Angela Merkel, leader of the Christian Democratic Union, will become Germany's new chancellor and head of a grand coalition, breaking the political stalemate that followed the inconclusive September 18 election.
Monday’s agreement on her appointment came after three weeks of negotiations between the CDU and the Social Democratic Party, its main rival and future partner.
The parties will start formal negotiations on a joint government programme next week.
The agreement brings to an end the political career of Gerhard Schröder who said he would withdraw from front-line politics after seven years in the chancellery.
Ms Merkel, who will be elected by parliament's lower house next month, will be the first woman to head a German government and the first chancellor from the country's former communist east.
Equity markets reacted positively, with the DAX 30 index of German blue-chip stocks climbing 15 points to 5,022.79. “A big part of the mess left by the election has now been cleared,” said Bernd Meyer, equity strategist at Deutsche Bank.
Economists, however, cast doubt over the ability of a grand coalition the second in Germany's post-war history and the first since 1966 to adopt radical labour market, tax and social security reforms.
“I do not think this government will tackle the biting problems of labour market inflexibility or high non-wage labour costs,” said Andreas Rees, an economist at HVB in Munich.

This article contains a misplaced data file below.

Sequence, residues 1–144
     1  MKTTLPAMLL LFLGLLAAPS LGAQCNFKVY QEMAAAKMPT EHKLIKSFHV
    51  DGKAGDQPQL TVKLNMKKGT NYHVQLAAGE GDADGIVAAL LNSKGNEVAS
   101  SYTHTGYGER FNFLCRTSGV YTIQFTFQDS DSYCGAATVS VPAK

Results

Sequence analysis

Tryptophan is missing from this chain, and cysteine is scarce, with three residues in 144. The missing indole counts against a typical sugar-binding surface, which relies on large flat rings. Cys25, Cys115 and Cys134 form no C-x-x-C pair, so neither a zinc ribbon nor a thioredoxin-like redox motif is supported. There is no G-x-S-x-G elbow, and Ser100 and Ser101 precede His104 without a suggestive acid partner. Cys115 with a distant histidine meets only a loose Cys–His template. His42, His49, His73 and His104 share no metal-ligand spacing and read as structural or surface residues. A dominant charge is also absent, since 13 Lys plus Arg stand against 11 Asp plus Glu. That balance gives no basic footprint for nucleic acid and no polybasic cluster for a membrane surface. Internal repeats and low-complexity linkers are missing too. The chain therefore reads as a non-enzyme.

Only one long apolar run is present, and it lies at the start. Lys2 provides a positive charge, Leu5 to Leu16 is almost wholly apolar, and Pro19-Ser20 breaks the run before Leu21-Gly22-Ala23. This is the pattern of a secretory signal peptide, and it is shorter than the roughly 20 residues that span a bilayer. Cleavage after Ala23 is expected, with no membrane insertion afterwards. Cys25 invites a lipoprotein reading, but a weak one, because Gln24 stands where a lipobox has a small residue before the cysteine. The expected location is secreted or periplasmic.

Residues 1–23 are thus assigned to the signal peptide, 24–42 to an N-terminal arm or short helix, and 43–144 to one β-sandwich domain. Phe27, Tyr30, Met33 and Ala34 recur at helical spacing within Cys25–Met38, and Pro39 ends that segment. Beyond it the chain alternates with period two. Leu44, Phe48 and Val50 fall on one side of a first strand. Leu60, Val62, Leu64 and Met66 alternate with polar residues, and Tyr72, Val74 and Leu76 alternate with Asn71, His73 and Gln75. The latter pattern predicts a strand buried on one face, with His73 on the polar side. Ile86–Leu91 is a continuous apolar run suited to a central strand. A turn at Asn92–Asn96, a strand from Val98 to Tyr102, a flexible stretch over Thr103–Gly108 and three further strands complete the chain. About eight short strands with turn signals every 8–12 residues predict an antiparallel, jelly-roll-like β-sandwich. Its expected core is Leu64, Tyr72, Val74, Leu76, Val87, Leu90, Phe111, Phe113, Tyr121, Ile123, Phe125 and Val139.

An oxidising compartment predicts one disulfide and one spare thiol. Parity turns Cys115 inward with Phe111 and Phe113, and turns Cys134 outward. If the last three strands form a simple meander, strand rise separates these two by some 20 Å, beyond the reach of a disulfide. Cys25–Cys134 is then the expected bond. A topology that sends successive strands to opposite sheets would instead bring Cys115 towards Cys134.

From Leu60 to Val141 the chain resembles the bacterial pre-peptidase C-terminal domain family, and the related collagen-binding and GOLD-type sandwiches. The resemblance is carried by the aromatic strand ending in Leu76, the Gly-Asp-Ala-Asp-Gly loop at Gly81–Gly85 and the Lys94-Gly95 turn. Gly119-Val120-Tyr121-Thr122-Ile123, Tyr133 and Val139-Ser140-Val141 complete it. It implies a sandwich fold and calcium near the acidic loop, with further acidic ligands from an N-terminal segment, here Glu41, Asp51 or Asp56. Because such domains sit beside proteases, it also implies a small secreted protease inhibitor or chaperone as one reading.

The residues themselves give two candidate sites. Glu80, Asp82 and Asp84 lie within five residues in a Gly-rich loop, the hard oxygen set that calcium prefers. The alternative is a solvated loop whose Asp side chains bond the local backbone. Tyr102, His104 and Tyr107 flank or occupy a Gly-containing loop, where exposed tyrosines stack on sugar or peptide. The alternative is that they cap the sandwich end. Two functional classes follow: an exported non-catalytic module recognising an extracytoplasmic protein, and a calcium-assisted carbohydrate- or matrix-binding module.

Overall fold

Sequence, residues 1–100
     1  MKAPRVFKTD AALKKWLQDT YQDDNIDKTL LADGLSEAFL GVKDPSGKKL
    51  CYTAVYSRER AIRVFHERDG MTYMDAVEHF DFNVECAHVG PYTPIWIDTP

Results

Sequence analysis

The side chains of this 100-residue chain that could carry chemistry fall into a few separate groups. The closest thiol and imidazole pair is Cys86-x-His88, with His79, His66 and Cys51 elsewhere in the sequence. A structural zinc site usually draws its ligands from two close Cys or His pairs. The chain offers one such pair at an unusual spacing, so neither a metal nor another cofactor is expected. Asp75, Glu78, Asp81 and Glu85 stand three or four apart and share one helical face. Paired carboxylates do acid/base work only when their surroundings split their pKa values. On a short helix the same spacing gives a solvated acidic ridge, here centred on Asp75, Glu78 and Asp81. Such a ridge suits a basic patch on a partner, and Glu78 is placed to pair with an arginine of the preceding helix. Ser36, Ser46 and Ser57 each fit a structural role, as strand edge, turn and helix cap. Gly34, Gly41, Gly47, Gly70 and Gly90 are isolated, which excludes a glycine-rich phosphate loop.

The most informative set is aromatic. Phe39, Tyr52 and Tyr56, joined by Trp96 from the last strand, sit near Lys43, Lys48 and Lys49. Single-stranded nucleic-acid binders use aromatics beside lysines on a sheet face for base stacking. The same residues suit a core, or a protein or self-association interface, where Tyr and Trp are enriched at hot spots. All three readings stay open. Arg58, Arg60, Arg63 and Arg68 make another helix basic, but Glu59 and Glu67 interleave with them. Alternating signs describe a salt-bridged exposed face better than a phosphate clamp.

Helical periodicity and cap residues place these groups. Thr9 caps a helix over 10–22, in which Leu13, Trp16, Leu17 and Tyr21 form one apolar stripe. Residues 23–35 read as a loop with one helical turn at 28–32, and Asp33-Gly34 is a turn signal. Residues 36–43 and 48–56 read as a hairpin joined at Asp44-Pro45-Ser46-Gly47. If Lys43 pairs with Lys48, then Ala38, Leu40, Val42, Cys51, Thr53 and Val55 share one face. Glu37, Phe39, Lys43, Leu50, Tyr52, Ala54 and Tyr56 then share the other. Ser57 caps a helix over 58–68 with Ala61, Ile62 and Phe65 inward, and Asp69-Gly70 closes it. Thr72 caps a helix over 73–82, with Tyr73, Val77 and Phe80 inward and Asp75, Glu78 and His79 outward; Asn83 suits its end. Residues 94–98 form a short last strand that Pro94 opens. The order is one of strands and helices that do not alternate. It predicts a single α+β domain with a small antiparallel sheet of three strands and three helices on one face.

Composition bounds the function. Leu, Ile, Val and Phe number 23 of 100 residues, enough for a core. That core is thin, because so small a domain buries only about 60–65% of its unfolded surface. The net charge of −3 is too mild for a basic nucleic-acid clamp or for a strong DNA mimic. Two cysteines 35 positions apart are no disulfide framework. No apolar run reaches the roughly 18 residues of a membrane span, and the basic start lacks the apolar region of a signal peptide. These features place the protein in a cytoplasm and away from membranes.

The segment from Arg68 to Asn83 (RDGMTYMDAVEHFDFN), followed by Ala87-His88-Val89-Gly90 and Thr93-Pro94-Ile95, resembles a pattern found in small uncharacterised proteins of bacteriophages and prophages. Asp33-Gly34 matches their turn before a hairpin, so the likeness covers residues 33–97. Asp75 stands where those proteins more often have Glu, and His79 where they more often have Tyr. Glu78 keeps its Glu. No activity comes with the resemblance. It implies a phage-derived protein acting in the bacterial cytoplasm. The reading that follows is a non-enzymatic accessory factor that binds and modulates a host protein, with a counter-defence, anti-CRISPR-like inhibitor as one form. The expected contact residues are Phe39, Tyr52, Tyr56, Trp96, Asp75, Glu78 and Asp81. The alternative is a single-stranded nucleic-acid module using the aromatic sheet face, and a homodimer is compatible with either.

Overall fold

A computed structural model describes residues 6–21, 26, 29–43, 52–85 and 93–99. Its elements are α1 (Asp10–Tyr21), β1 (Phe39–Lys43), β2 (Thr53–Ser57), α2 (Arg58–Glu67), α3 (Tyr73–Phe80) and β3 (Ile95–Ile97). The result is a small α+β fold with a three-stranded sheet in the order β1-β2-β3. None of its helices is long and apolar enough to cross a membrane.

Under the agreement the SPD will hold eight portfolios the foreign, finance, justice, development, labour and social security, health, transport and environment ministries.
Alongside the chancellor and her chief of staff, the CDU and its Bavarian arm, the Christian Social Union, will hold the economics and innovation, interior, defence, family, education and research and consumer and agriculture ministries.
The appointment of Edmund Stoiber, chairman of the CSU, as future economics minister, was the only nomination to be confirmed officially yesterday.
While the deal largely eschewed policy decisions, Ms Merkel yielded to pressure from the SPD to scrap two planks of her manifesto: a proposal to decentralise wage bargaining, which would have weakened the trade unions, and the proposed lifting of a tax exemption for Sunday and late-night workers.
“There is no alternative to the reform course,” she said, while warning that much “hard work” lay ahead in the coalition negotiations.
Franz Müntefering, the SPD chairman and his party's chief negotiator, described yesterday's deal as “a building block” for a grand coalition.
While the SPD and CDU agree on the need for fiscal consolidation, an overhaul of Germany's unwieldy federal institutions and tax reform, they remain far apart on labour market and welfare reform.
Ms Merkel's rise to the chancellery reflects her meteoric political career. A doctor in physical chemistry at the east-German Academy of Sciences when the Berlin wall fell in 1989, she was sitting in parliament a year later and had become CDU chairman by 2000.
Additional reporting by Gerrit Wiesmann in Frankfurt